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Russian forces reportedly seized control of the defunct Chernobyl plant, site of history’s worst nuclear disaster in 1986, on Thursday.SERGEI SUPINSKY/AFP/Getty Images

Russia’s invasion of Ukraine presents an unprecedented challenge for the country’s electrical utilities: How to maintain safety of its 15 operating reactors amid the chaos of war.

“We’ve never had a situation where we’ve had an invading army in a country that has so many operating reactors,” said Bennett Ramberg, author of a Cold War-era book that examined nuclear power plants as potential military targets. In a commentary published earlier this month, he cautioned that if attacked, Ukraine’s facilities could become “radiological mines.”

“There are multiple modalities, in a war setting particularly, whereby your reactor could be disrupted, and you can have the core melt,” he told The Globe and Mail in an interview.

On Sunday, the International Atomic Energy Agency (IAEA) said it had been informed by Ukraine that missiles struck a radioactive-waste disposal site in Kyiv overnight, “but there were no reports of damage to the buildings or any indications of a radioactive release.” The IAEA also said it had been informed that an electrical transformer at another disposal facility near Kharkiv had been damaged, again with no reported radioactive releases.

Neither facility contained high-level radioactive waste, the IAEA added, although the waste could “still cause a serious radiological impact event.”

“These two incidents highlight the very real risk that facilities with radioactive material will suffer damage during the conflict, with potentially severe consequences for human health and the environment,” said Rafael Mariano Grossi, the IAEA’s director-general, who has issued repeated calls “for maximum restraint to avoid any action that could jeopardize plant safety” since the invasion began.

So far, there have been no reports of incidents at any of the country’s four operational plants. The State Nuclear Regulatory Inspectorate of Ukraine issues daily status updates: the latest, published Saturday, stated as usual that “there are no violations of [nuclear power plant] safe-operation limits and conditions” and that the “radioactive situation meets established norms.”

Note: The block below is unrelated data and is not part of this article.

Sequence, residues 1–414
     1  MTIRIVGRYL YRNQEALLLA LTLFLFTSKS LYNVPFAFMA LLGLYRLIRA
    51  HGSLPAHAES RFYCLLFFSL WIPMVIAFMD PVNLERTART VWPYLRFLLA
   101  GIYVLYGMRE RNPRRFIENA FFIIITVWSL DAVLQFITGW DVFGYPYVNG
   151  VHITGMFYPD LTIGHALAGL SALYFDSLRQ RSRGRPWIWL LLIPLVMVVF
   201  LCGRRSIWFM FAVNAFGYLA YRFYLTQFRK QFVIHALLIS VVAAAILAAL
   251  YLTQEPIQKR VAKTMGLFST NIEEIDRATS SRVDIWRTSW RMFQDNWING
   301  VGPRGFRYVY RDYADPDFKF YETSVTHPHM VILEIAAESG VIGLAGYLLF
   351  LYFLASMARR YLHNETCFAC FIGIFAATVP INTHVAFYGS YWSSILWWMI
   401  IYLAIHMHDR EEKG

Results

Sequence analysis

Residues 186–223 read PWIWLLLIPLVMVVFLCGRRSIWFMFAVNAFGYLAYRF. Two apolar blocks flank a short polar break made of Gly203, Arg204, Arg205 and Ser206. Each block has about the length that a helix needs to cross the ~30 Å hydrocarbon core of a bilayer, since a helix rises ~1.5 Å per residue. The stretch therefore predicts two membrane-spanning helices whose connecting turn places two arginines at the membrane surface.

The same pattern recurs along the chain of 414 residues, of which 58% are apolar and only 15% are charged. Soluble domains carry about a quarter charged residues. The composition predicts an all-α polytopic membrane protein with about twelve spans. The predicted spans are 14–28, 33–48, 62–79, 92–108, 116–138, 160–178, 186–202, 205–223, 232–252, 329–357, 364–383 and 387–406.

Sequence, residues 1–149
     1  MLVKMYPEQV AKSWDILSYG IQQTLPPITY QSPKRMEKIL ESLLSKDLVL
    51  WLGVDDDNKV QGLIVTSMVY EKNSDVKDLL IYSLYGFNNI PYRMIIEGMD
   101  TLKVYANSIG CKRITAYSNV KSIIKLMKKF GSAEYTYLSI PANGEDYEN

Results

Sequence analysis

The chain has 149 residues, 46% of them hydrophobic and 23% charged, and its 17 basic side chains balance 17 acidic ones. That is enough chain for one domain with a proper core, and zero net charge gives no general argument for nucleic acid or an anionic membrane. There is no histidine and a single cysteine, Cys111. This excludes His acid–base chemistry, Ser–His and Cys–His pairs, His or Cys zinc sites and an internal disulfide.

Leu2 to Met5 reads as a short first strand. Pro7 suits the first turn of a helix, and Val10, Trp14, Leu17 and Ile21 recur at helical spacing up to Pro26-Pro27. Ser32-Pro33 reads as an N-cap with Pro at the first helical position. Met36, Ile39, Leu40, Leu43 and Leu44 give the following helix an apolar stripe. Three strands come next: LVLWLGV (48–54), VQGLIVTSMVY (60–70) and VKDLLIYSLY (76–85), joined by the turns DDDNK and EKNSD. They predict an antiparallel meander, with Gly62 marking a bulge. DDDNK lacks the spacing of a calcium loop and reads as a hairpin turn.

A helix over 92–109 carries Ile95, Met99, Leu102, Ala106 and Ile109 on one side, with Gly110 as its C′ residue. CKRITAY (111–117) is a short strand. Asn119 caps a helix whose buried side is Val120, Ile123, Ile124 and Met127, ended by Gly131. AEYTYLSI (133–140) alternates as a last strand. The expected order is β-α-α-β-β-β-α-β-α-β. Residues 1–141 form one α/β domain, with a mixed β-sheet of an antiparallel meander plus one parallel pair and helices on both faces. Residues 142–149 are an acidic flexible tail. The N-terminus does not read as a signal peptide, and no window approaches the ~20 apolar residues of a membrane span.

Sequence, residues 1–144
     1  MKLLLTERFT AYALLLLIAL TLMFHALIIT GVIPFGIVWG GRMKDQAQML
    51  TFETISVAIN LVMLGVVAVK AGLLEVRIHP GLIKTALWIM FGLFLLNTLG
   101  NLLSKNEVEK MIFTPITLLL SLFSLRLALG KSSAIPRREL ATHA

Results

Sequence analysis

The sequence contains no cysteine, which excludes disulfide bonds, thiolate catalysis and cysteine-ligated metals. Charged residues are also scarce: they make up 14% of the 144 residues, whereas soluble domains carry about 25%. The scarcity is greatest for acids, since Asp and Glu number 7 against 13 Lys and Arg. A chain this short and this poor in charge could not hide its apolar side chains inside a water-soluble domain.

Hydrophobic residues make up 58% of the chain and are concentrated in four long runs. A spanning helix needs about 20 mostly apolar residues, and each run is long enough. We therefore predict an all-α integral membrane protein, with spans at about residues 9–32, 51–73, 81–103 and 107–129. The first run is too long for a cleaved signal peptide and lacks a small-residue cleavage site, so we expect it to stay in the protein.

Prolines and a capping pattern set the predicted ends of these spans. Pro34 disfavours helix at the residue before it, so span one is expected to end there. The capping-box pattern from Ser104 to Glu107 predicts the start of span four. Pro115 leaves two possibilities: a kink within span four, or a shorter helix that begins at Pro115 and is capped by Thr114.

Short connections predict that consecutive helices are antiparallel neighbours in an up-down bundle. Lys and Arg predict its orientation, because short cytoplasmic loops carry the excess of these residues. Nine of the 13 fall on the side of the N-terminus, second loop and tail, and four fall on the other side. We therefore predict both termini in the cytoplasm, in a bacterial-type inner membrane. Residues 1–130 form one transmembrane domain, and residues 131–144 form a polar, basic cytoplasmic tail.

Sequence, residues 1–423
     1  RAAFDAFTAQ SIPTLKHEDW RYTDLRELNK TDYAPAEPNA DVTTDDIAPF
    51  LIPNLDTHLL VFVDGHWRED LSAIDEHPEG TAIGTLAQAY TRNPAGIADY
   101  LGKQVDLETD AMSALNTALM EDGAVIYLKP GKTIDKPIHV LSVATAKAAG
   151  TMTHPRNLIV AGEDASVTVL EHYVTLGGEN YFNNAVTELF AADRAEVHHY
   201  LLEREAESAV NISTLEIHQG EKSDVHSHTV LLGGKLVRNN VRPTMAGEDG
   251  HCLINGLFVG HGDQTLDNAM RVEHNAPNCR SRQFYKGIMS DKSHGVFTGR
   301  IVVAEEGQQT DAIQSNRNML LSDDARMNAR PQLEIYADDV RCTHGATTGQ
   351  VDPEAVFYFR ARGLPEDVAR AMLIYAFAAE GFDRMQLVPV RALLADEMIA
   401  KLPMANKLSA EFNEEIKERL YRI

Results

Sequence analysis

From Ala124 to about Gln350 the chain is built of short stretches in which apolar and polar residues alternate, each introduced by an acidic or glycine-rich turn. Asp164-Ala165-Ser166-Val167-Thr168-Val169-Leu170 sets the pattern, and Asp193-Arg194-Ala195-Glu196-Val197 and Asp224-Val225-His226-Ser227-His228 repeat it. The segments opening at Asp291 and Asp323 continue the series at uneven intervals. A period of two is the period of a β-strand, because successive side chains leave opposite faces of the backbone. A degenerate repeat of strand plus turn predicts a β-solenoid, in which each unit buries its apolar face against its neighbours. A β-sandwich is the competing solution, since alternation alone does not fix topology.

Energoatom, the company which operates the plants, said in a statement Sunday that there were enemy movements near some plants, presenting a high risk of shelling, but that the plants continued to operate safely.

Ukraine’s Zaporizhzhya, Rivne, Khmelnitsky and South Ukrainian stations collectively generate more than half of Ukraine’s electricity, according to the International Energy Agency. (Only France and Slovakia generate greater percentages of their electricity using nuclear power.) Russian forces reportedly seized control of the defunct Chernobyl plant, site of history’s worst nuclear disaster in 1986, on Thursday.

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Though divided on the probability of a major incident at one of Ukraine’s plants, Mr. Ramberg and other sources contacted by The Globe agreed on one key point: All deemed it exceedingly unlikely that Russian forces would deliberately target or sabotage one of Ukraine’s nuclear facilities.

Power plants have been targeted in past conflicts, sometimes to hamper military operations or impede war production, or else to damage civilian morale. But when nuclear facilities have been attacked, typically they were still under construction. Were one of Ukraine’s operating reactors to be bombed, Russia itself might well receive wind-borne radioactive debris.